Fifty Minute Classroom

Mar 25, 2017, 18:35

50-Minute Classroom: 12 Things for Students to Know

weinerA must list that students should review frequently so they might keep their jobs in commercial kitchens.

By Adam Weiner, CFSE

Happy holidays!

Those of you who read this column on a regular basis know that I preach the need to teach your students more than how to cook. Unless you teach a pure home-economics class, your ultimate goal is to have your students get jobs in the culinary field. If you don’t teach them how to work in a commercial kitchen, you are dooming them to failure.

So, in honor of the 12 Days of Christmas, and December being the 12th month, I will recap the 12 things that your students must know to be able to keep their jobs in a commercial kitchen. Feel free to print them out and give them to your students. Tell your students to look at them frequently when they start working.

50-Minute Classroom: Making Sure Everyone Shares in the Work, Making Sure Everyone Gets the Glory

weinerEasy, free and completely impartial, an assignment board guarantees that everyone shares equally in the assignments over a few days. Say these educators, the system is beautiful in its simplicity.

By Windi Hughes and Chef Adam Weiner

One of the toughest set of problems facing all levels of culinary instructors is how to make sure that no one in a group takes over, no one is always stuck doing the dishes, and no one just sits back and watches everyone do the work. One of the toughest things for a high-school teacher to explain to parents is why their daughter or son comes home every day and says that they did nothing in cooking class.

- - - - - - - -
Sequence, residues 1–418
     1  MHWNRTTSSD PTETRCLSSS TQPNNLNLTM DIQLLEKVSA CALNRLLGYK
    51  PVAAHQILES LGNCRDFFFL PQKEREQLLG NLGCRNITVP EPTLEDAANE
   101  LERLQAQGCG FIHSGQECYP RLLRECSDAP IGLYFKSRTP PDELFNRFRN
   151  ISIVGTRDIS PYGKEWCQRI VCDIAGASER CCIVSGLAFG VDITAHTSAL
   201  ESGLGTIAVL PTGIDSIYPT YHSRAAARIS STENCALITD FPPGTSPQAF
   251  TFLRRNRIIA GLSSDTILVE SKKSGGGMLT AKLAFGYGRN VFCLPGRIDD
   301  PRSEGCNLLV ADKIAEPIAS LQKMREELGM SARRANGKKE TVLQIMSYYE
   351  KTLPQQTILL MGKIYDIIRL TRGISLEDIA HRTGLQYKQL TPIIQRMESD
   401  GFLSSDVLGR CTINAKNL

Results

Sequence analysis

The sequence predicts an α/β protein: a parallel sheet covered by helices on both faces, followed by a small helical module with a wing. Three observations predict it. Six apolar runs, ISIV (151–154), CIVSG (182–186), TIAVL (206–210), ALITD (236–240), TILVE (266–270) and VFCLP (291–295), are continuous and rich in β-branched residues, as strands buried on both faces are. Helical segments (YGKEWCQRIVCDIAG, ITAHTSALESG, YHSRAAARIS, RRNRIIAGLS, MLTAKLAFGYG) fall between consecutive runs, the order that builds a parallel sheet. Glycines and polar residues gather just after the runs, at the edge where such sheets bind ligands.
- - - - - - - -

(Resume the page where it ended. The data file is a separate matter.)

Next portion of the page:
An easy, free and completely impartial way to handle these problems is to set up an assignment board, which guarantees that everyone shares equally in the assignments over a few days.

50-Minute Classroom: Capitalize on Boards, Commissions and Associations

weinerMyriad resources for training DVDs, posters, booklets and even free guest lecturers are there for the taking.

By Adam Weiner, CFSE

“Knowledge is knowing a tomato is a fruit.
Wisdom is knowing to keep it out of a fruit salad.”

Texted to me by my daughter at college on October 25, 2011.

It’s been a year since my daughter texted me that quote, and it still amazes me how often the difference between knowledge and wisdom hits me between the eyes. One recent example was at CAFÉ’s Leadership Conference this past June in San Antonio, while I was leading a roundtable discussion on the 50-Minute Classroom. One member of the group posed the question of what outside resources were available (for free) that she could use in her classroom. Two members of our group were representatives of the Idaho Potato Commission. They said that they would be happy to provide her with booklets, charts, displays for her classroom all about potatoes, and would even arrange a guest speaker.

50-Minute Classroom: Salt

weinerWhen are all salts created equal, and when do they have distinct culinary uses? Here’s a primer on teaching the qualities and characteristics of the world’s most common seasoning.

By Adam Weiner, CFSE

I was recently asked to give a presentation at the San Francisco Exploratorium (a hands-on science museum) about salt. During three hours, I had more than 400 people stop at my display and taste salt, discuss different types of salt and question the difference between cooking with salt and finishing food with salt.

The next day, I was reading the March 2012 National Culinary Review, and on page nine it listed 12 food trends for 2012. Number 10 was: “Salt: premium finishing varieties and artisanal presentation.” Something was telling me to write about teaching SALT. 

50 Minute Classroom: Teaching Your Students How to Find a Job, Part II

fifty_july12Here are the remaining five of 10 critical things you must teach your students if you want them to earn meaningful jobs, plus some sound advice on how to interact with potential employers.

By Adam Weiner, CFSE

Last issue I explained that it is critical to not only teach your students technical skills, but also the soft skills needed to get a job, keep a job and prosper in life. I suggested that you spend the summer revising and updating your curriculum to add job-searching skills. I published the first five things to teach, and now here are the remaining five: